Dysrepair and Degenerative phase
As before, it is really important to find the right load management strategy, aiming to find the level of load that does not cause an immediate or 24-hour reaction of pain in the Achilles.
The most important part of rehab here, is to increase the Achilles tolerance to load. This can be carried out with specific eccentric exercises or localised strength and conditioning exercises, alongside tackling the cause of the pain in the first place.
Eccentric exercises are the act of lengthening a muscle while it is contracting. This has been shown to potentially help reorganise the structure of the muscle tissue to increase its capacity to deal with loading.
These are undertaken for the Achilles in the form of a heel drop and is known as the Alfredson painful heel drop protocol, as it can sometimes be uncomfortable to perform. The exercise is carried out on a step. With the balls of your feet on the step, come onto tiptoes, then slowly lower the heels until you feel a stretch in the Achilles/calf. As you feel able, try to place more weight on the weak or painful side until the exercise can be performed on 1 leg.
This protocol is made up of 2 exercises, the first is the movement described with the knee staying straight, the second is the same movement but with the knees bent, the location of where you feel the effort in the leg is likely to change with the bent leg, feeling it closer to the Achilles tendon, and the straight leg more into the calf. Eccentric exercises can be sore when performing, so do not be put off if that occurs. Try to progress the load, sets or repetitions as pain allows.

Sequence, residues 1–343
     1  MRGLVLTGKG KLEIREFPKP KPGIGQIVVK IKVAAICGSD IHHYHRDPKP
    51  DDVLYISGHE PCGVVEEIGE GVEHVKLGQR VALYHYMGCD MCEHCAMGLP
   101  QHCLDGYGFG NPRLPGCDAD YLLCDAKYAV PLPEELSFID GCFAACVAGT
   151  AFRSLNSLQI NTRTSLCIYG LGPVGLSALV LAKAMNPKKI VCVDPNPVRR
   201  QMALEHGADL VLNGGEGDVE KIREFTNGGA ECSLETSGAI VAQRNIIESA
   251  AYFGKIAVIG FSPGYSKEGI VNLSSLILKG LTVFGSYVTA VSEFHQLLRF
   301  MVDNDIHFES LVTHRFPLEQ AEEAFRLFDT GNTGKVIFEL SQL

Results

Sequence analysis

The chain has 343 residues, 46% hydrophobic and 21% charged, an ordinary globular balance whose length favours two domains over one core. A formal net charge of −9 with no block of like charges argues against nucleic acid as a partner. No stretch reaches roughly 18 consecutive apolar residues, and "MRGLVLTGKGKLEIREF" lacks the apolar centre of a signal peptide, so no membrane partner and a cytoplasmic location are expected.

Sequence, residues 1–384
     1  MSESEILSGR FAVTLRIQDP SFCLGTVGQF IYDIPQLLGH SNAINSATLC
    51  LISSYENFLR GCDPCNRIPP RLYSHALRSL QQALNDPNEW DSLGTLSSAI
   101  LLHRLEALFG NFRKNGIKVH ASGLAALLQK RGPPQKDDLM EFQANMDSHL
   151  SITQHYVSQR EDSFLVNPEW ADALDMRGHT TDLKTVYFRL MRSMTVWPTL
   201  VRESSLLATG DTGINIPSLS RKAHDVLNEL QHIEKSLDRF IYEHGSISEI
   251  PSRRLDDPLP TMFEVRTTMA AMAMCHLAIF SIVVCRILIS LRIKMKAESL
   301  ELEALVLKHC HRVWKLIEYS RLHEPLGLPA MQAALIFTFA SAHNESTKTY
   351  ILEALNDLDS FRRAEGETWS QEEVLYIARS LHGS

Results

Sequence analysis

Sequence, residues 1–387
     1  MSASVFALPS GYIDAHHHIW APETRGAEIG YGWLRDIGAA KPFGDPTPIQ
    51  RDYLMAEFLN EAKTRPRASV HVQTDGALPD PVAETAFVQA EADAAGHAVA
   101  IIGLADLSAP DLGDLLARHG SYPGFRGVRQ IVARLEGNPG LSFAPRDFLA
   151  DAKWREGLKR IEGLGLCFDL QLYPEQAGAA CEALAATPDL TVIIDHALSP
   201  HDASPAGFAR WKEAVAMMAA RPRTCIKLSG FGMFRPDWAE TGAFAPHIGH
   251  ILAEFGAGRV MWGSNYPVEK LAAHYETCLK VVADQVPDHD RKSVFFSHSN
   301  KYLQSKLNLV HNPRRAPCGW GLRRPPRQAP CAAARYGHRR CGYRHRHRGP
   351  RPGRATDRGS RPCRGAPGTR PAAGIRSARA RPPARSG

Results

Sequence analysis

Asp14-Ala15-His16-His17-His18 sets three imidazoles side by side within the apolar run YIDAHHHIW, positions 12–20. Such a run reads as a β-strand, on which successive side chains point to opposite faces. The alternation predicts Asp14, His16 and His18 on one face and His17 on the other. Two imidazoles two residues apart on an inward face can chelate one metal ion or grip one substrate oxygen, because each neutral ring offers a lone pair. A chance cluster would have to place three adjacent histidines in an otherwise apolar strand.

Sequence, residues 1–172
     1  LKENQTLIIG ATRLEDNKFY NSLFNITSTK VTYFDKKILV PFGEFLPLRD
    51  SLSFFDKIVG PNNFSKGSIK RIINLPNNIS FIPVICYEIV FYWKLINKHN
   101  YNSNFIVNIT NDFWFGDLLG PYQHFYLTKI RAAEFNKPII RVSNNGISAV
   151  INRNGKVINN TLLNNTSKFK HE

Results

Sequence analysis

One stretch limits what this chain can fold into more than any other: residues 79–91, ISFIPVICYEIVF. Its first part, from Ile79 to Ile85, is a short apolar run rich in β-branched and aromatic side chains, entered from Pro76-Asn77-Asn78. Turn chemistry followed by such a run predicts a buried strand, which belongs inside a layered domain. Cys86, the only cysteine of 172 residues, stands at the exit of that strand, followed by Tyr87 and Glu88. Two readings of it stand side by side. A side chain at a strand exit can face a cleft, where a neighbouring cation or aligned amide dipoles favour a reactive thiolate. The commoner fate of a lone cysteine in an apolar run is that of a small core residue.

Example of single leg eccentric rises with straight and bent leg
Help to generally strengthen the calf muscles can be found through discussion with a knowledgeable health professional. They will be able to guide you on concentric exercises, isometrics and plyometrics to help improve your strength and control.
Example of concentric single leg rise
Example of concentric soleus strengthening
Example of plyometric exercises: skipping, drop into jump and drop into hop
Management of Achilles pain can be really tricky. The key for any performer who experiences this, is to initially identify what stage of the injury you are in, and how you manage your load to minimise symptoms. An assessment to identify the cause of the symptoms should also be carried out by an experienced and competent physiotherapist, with experience of biomechanics and progressive exercise management strategies.